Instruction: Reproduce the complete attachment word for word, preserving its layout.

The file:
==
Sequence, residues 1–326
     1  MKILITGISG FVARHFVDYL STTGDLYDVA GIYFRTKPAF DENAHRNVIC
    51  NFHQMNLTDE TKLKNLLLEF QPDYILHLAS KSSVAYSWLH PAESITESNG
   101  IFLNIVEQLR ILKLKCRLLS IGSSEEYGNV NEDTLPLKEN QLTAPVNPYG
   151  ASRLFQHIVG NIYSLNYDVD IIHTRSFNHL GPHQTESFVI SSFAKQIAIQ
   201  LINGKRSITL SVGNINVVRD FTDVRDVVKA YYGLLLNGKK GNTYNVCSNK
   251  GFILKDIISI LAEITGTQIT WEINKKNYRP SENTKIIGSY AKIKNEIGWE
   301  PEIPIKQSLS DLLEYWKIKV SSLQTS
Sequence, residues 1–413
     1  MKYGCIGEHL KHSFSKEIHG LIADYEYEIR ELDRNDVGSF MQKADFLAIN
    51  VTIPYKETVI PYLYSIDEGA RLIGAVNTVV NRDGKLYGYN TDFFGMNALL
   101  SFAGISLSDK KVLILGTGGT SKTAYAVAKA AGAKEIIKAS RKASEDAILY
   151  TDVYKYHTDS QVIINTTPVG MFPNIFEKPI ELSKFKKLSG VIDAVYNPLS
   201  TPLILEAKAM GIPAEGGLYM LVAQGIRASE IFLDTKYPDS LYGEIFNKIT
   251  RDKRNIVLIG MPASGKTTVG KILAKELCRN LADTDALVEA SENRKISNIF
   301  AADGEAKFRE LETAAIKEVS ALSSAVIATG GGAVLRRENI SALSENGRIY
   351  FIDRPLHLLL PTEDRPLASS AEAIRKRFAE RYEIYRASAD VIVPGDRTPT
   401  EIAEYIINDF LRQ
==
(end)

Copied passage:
Sequence, residues 1–326
     1  MKILITGISG FVARHFVDYL STTGDLYDVA GIYFRTKPAF DENAHRNVIC
    51  NFHQMNLTDE TKLKNLLLEF QPDYILHLAS KSSVAYSWLH PAESITESNG
   101  IFLNIVEQLR ILKLKCRLLS IGSSEEYGNV NEDTLPLKEN QLTAPVNPYG
   151  ASRLFQHIVG NIYSLNYDVD IIHTRSFNHL GPHQTESFVI SSFAKQIAIQ
   201  LINGKRSITL SVGNINVVRD FTDVRDVVKA YYGLLLNGKK GNTYNVCSNK
   251  GFILKDIISI LAEITGTQIT WEINKKNYRP SENTKIIGSY AKIKNEIGWE
   301  PEIPIKQSLS DLLEYWKIKV SSLQTS
Sequence, residues 1–413
     1  MKYGCIGEHL KHSFSKEIHG LIADYEYEIR ELDRNDVGSF MQKADFLAIN
    51  VTIPYKETVI PYLYSIDEGA RLIGAVNTVV NRDGKLYGYN TDFFGMNALL
   101  SFAGISLSDK KVLILGTGGT SKTAYAVAKA AGAKEIIKAS RKASEDAILY
   151  TDVYKYHTDS QVIINTTPVG MFPNIFEKPI ELSKFKKLSG VIDAVYNPLS
   201  TPLILEAKAM GIPAEGGLYM LVAQGIRASE IFLDTKYPDS LYGEIFNKIT
   251  RDKRNIVLIG MPASGKTTVG KILAKELCRN LADTDALVEA SENRKISNIF
   301  AADGEAKFRE LETAAIKEVS ALSSAVIATG GGAVLRRENI SALSENGRIY
   351  FIDRPLHLLL PTEDRPLASS AEAIRKRFAE RYEIYRASAD VIVPGDRTPT
   401  EIAEYIINDF LRQ